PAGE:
Business leaders divided over digital transformation according to EY report
Business leaders are split on the idea of digital transformation, with some seeing it as a positive and others as a threat, according to professional services firm Ernst & Young's (EY) ‘Global Capital Confidence Barometer’.
Having surveyed more than 2,900 executives from 45 countries and across 14 different sectors, and asked them what the biggest impact digital transformation has had on their industry, 22% said it had reduced barriers to entry and created positive changes in customer behaviour. However, 21% said it had actually increased competitive pressures, 19% said it was blurring boundaries with other industries, and an additional 16% said it was in fact increasing barriers to entering their respective industries.
Exploring the changing fortunes of the mergers and acquisitions market, EY also asked business leaders whether mergers and acquisitions can help them to navigate digital transformation and future-proof their business: 42% strongly agreed that it would, 40% remained neutral on this idea, and 18% said they disagreed entirely with this notion.
The study explored how business leaders plan to invest in digital over the coming years, with the results suggesting more are comfortable with the idea of working with external companies opposed to promoting the use of more digital technology internally. Although a quarter (25%) of respondents said they plan to invest in in-house development and research and development over the coming years, the majority of respondents are looking externally for answers: 20% are looking to improve their digital output by direct acquisitions, 18% via joint ventures and alliances, and another 18% via an external venture fund.
But even if there is still a little bit of fear around the idea of digital transformation, it’s clear digital is now just part and parcel of the majority of companies’ DNA — more than half (55%) of respondents said they allocate between 25% and 50% of their investment capital to their digital future. This compares to 36% who are investing between 0% and 24% in digital, and 8% who are investing between 50-74%.
The report projects an optimism, especially around the global economy. Although it’s worth pointing out that this study was completed before global coronavirus fears materialized, 54% of respondents said they don’t expect an economic slowdown in the near to mid-term. More than half (52%) said their business plans to actively pursue a merger or acquisition deal within the next 12 months, with 68% expecting the M&A market to improve over this time period.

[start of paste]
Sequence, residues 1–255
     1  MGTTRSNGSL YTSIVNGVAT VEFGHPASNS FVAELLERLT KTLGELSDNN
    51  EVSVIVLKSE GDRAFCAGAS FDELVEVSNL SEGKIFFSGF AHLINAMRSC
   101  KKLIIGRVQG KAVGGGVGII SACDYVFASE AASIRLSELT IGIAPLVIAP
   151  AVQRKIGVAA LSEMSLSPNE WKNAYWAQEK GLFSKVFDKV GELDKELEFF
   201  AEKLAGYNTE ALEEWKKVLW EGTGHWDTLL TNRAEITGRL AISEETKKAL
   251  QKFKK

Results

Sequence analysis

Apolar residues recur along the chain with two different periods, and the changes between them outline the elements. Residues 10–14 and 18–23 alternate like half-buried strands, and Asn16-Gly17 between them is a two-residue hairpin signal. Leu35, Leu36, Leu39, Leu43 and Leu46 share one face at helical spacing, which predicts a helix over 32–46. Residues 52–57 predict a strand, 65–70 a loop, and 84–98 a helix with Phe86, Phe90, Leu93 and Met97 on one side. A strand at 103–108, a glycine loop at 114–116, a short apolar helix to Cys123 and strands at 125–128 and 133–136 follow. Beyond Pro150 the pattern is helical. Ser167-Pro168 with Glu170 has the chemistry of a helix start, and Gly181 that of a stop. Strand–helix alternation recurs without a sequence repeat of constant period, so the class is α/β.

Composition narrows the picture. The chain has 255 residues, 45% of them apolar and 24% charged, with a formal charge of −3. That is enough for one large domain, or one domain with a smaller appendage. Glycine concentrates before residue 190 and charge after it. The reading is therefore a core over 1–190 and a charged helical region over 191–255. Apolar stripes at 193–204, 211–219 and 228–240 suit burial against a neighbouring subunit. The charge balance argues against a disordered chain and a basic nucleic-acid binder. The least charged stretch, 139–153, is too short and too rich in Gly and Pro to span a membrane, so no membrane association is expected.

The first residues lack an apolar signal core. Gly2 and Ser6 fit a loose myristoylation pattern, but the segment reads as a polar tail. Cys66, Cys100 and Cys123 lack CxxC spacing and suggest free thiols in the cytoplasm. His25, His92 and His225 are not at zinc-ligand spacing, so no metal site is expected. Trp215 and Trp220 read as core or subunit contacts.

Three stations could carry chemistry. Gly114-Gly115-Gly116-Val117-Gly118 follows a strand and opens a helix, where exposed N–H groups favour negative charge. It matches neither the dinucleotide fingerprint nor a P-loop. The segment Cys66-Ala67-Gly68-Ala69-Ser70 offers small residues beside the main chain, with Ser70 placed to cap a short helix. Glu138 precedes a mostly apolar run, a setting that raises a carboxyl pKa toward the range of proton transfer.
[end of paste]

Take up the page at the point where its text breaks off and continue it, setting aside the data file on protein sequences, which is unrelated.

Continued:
When asked what might be the biggest threat to the growth of their business, the number one concern (31%) was geopolitical, trade and tariff uncertainty. This was followed by increased competition from startups and technology (22%), regulatory uncertainty (19%) and new climate change policies (14%) which might affect a supply chain. Fortunately, there’s a hunger to sort these issues out, with 64% of respondents planning to take action and imminently respond to these threats.
The respondents also touched on internal threats, too, particularly around the idea of talent retention. A whopping 61% of respondents said they were experiencing difficulties hiring or retaining staff, and EY worryingly suggests: “Indeed, as more jobs are automated in routine tasks, companies are finding it more difficult to attract and retain talent with the right technical and digital skills to benefit from these efficiencies.”
According to EY’s global vice chair Steve Krouskos, the report highlights the need for executives to be on the right side of history. “Creating long-term value beneficial to all stakeholder groups is becoming non-negotiable,” he advised. “Companies must be good corporate citizens, delivering value for all stakeholders. Those that find themselves on the wrong side of this argument will find themselves on the wrong side of history. They will lose customers and imperil future growth.”
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